Wednesday, December 1, 2021

The Calloused Eye by Ethel Loban (1931)



About the author: Ethel Grace Loban (née Harris) (1892-1985) was born in Toledo, Ohio and died in Los Angeles. Here is her genealogical information. Not much is known about her as an author, she is not listed in Wikipedia nor Fantastic Fiction. Who's who in California (Volume 1942-43)  states "Writer of books published by Doubleday-Doran Co., short stories in various magazines. Collier's, Ladies' Home Journal, etc." 

This title was published by The Crime Club, and was reprinted in the Collier Front Page Mystery collection (fourth series).  The title is from a Chinese proverb that eyes, like hands can become calloused, and not see clearly. Another title is Signed in Yellow (Crime Club). It is possible earlier titles were published under her maiden name (Ethel Harris).

Major characters:
  • Miss Fern Matthews, a nurse, and our narrator
  • John Glace, patriarch of the family, Fern's patient
  • Dr. Jack Glace, his son
  • James Glace, his son, a wealthy broker
  • Minerva, his daughter, an opera singer
  • Hazel Golightly, his daughter by a second marriage
  • Gerald Golightly, Hazel's husband, an actor
  • Dr. Hugh Abbott, Fern's fiancé
  • Withers, an attorney
  • Leong Fat, leader of the Chinese servants
Locale: Colorado

Synopsis: Nurse Fern Matthews (our narrator) takes a job caring for a patient in a Colorado mountaintop retreat owned by the Glace family. The family consists of the patient, John Glace, who has tuberculosis and is a drug addict; along with his sons Dr. Jack Glace and stockbroker James Glace, and his daughter Minerva Glace, an opera singer. The family employs a large number of Chinese servants.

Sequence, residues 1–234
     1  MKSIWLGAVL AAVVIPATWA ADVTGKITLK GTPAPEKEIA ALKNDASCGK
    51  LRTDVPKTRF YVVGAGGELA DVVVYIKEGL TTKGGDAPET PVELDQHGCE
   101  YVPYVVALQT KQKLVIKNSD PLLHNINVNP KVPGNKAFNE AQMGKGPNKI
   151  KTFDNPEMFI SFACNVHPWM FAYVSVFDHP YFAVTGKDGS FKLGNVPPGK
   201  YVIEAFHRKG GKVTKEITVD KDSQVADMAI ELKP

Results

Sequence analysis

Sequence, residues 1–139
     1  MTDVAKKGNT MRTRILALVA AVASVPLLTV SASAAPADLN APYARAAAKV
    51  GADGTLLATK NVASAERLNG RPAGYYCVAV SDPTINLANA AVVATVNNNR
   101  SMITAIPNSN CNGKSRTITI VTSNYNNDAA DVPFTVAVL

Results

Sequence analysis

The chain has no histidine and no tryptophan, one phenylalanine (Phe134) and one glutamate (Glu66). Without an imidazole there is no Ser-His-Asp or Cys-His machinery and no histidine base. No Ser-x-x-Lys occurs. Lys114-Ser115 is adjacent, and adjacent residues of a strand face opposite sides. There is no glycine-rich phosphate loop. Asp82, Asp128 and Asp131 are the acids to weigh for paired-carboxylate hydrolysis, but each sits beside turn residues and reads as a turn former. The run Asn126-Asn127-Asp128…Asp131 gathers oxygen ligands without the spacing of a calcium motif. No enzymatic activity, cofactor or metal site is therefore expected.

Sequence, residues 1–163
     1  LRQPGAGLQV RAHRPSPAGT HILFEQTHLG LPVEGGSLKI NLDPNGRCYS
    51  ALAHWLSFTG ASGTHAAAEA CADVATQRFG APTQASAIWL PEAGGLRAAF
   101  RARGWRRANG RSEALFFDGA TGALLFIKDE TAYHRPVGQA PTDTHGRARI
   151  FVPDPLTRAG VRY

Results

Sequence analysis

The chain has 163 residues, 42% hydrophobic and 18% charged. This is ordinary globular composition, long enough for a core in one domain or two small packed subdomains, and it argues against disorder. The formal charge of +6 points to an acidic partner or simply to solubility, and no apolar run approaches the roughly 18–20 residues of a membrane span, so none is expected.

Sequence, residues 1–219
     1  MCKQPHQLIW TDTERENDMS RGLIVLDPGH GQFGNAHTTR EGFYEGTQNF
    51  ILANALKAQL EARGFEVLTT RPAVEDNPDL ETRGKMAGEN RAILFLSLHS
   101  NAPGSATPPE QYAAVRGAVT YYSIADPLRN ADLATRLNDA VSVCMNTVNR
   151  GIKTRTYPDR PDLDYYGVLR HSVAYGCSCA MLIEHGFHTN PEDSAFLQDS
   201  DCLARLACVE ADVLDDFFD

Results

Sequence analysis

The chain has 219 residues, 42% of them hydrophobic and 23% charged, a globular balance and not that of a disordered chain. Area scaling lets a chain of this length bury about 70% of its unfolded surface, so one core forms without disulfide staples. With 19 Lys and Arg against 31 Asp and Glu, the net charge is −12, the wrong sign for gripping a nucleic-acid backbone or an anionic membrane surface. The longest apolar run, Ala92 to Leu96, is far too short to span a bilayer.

Fern settles in to the household to care for John Glace, who alternates between being chatty and being uncontrollable. Fern cares for him in the daytime and early evening. Overnight Leong Fat, a Chinese servant, stays with him. 

John's daughter by a second marriage, Hazel Golightly, arrives unexpectedly with her husband, actor Gerald Golightly. They have run out of money and need help from the family. There is tension, as the Glace siblings have never accepted their father's second marriage (performed in China by a customary rite) as legitimate; nor Hazel as their legitimate half-sister.

On the night following their arrival, Fern discovers someone has administered morphine to John, stabbed him with a dagger, and made off with his stash of valuable emeralds.

Review: This book reminded me of two other settings: First, the nurse protagonist/narrator is similar to Mignon Eberhart's Nurse Sarah Keate, although unlike Sarah Keate, this nurse doesn't do anything to solve the mystery (she relies on fiancé Dr. Hugh Abbott for that). Second, the Agatha Christie-like picking off of the guests one by one in an isolated location (although not completely isolated, there is a rough mountain road leading to the retreat).

Nurse Fern is hired to care for a patient who doesn't need much care (and even has his son, a doctor, in residence anyway) . She is strictly in a reactive role to the mayhem constantly unfolding around her. Much of her efforts consist of patching up the various victims, as well as tending to all the others who tend to faint each time someone gets attacked.

There is use of a derogatory term for persons of Chinese ancestry. Although the Chinese are denigrated by some of the characters, their roles are reasonable and done well - particularly of those working in the kitchen. It is claimed there are 22(!) Chinese servants but we only meet five or six. Leong Fat serves as their unquestioned leader, and drops his affected pidgin-English speech when it is challenged, and reverts to perfect educated speech.

Be sure to visit The Mystillery for my mystery reading challenges!

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